The 2009-10 season was glorious for Inter Milan. They became the first Italian team to achieve a Treble—winning the Serie A title, the Coppa Italia and the UEFA Champions League. The Serie A campaign was exciting to the end, coming down to the final day before they finally finished two points ahead of second-place Roma.
They dispatched the same team in an exciting Coppa final that finished 1-0, and they dominated Bayern Munich en route to a 2-0 victory in the Champions League Final. They had won five straight scudetti and looked to be one of the best teams in the world, possibly a side that could challenge Spanish giants Barcelona on a regular basis.
My, how things change.
Less than two full seasons later, Inter is sitting in seventh place after garnering only one win in their last 10 matches and they were eliminated from the Coppa Italia in the quarterfinals and from the Champions League in the first knockout round. Inter has gone from a team in triumph to a team in turmoil.
What has caused this precipitous fall from grace?
One of the biggest issues has been the revolving door at the manager's office. Since Jose Mourinho's two-year tenure at the San Siro ended, Inter has had five managers: Rafael Benitez, Leonardo, Gian Piero Gasperini, Claudio Ranieri and Andrea Stramaccioni. None of these coaches has had a tenure of more than seven months, and none has managed more than 34 games.
This lack of continuity has had a disastrous effect on the team. It is impossible for a manager to install his system with so little time, nor can he make the necessary transfer moves to make the roster more conducive to that system—a problem for both Gasperini, whose system was totally unsuited for the players on his roster, and Ranieri, who spent much time experimenting with formations and lineups. The lack of time to adapt to an ever-changing system has shown in Inter's games this year, where they have often looked lost and confused, both on offense and defense.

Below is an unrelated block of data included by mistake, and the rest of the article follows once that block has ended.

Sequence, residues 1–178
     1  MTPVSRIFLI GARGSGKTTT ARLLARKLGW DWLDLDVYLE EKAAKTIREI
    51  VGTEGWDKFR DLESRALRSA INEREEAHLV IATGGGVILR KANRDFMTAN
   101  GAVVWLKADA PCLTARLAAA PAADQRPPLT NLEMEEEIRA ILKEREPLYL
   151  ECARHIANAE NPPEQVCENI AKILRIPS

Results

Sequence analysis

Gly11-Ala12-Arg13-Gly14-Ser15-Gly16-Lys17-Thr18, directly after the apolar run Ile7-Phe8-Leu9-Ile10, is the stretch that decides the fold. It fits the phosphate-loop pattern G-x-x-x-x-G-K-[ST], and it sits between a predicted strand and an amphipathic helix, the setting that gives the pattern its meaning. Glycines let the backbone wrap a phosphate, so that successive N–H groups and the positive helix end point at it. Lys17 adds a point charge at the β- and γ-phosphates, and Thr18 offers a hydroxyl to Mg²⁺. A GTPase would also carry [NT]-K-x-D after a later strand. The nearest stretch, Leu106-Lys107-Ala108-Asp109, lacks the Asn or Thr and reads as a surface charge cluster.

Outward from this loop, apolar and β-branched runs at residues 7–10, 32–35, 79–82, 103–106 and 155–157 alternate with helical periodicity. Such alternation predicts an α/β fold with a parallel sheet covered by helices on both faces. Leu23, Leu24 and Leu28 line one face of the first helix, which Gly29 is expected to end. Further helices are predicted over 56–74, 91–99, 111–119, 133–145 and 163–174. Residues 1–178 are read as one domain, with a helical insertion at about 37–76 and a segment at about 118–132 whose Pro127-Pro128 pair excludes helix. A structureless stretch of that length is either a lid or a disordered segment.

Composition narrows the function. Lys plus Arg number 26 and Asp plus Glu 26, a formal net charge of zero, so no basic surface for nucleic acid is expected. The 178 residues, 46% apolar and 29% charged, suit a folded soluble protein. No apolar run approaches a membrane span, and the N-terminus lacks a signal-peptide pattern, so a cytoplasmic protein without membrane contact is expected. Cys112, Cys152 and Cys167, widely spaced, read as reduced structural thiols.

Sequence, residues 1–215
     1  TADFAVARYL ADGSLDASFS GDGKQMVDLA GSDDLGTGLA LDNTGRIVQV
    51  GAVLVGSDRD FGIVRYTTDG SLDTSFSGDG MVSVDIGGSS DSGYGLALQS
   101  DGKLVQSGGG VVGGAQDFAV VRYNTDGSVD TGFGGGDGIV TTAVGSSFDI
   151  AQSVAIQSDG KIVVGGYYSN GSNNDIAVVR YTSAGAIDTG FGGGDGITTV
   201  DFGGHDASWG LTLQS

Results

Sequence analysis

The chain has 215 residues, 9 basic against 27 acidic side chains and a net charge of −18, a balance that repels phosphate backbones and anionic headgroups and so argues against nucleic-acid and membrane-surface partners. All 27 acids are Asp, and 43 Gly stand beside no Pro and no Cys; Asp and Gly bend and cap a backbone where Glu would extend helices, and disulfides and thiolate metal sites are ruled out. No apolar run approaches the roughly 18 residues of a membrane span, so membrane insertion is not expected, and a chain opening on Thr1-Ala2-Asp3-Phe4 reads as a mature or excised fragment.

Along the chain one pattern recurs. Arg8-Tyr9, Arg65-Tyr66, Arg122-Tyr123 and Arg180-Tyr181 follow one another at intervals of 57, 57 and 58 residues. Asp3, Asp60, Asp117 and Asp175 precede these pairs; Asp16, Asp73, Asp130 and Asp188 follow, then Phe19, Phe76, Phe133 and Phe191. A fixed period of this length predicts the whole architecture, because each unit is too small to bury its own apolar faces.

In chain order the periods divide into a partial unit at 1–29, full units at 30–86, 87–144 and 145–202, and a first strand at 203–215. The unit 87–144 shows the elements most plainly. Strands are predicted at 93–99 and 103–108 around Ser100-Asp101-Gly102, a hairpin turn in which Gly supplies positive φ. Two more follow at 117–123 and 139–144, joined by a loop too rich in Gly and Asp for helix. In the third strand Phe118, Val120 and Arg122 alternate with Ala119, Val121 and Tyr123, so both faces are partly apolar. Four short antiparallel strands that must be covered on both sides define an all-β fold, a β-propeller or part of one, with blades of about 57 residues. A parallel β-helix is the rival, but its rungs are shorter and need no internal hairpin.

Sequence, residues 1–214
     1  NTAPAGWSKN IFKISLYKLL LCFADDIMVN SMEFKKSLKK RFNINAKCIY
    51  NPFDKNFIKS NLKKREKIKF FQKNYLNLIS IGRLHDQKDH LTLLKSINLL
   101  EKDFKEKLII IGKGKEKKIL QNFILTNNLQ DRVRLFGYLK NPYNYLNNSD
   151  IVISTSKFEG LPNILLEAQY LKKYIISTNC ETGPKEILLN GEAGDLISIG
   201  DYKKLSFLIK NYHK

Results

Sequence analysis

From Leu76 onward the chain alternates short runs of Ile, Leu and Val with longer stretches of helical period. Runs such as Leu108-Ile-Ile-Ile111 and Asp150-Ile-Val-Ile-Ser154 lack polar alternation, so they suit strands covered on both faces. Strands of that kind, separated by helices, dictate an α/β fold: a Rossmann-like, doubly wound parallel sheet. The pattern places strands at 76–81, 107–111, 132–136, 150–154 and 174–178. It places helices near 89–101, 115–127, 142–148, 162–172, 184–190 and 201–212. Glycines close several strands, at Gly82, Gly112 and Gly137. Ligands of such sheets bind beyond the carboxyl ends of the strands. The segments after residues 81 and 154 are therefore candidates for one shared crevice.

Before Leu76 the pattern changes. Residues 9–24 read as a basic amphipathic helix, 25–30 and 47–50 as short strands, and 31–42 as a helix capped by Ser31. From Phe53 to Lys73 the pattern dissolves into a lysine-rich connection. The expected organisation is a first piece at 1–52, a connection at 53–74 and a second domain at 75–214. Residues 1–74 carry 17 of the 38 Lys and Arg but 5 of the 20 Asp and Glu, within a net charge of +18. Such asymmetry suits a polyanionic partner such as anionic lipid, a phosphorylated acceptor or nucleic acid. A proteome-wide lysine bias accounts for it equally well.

The man responsible for this musical coaches act, team owner and president Massimo Moratti, is also responsible for the second reason for this collapse: a horribly misguided approach to the transfer market.
At the beginning of the 2011-12 season, Moratti transferred away promising young defender Davide Santon and—inexplicably—forward Samuel Eto'o, who had scored 53 times in all competitions in his two seasons with the team. This out-of-the-blue sale was completely ill-advised. Moratti was offloading his top scorer despite the fact that his other starting XI forward, Diego Milito, was coming off a terrible season that saw him score only eight goals and garnered him the satirical bidone d'oro (literally translated: golden trash can) award as the worst player in Italy for the 2011 calendar year. The move also rubbed the players the wrong way—so much that Thiago Motta indicated it was one of the major reasons as to why he demanded his eventual transfer to PSG during the winter window.
Compounding the problems made by selling Eto'o were the moves made to replace him. The mercurial Mauro Zarate was acquired on loan from Lazio and has not looked at all comfortable, only scoring twice in all competitions. But worse was the last-minute deal that brought Diego Forlan to the San Siro. It didn't cost much—only €5 million—but Moratti made an inexcusable oversight before finalizing the deal.
Forlan's previous club, Atletico Madrid, had just played in the playoff round of the Europa League, cup-tying him and making him ineligible for the group stage of the Champions League. Not that it would have mattered, because Forlan has been injured and ineffective for much of the year, but such a crucial mistake in the transfer market is another indication that Moratti is very much responsible for the team's nosedive.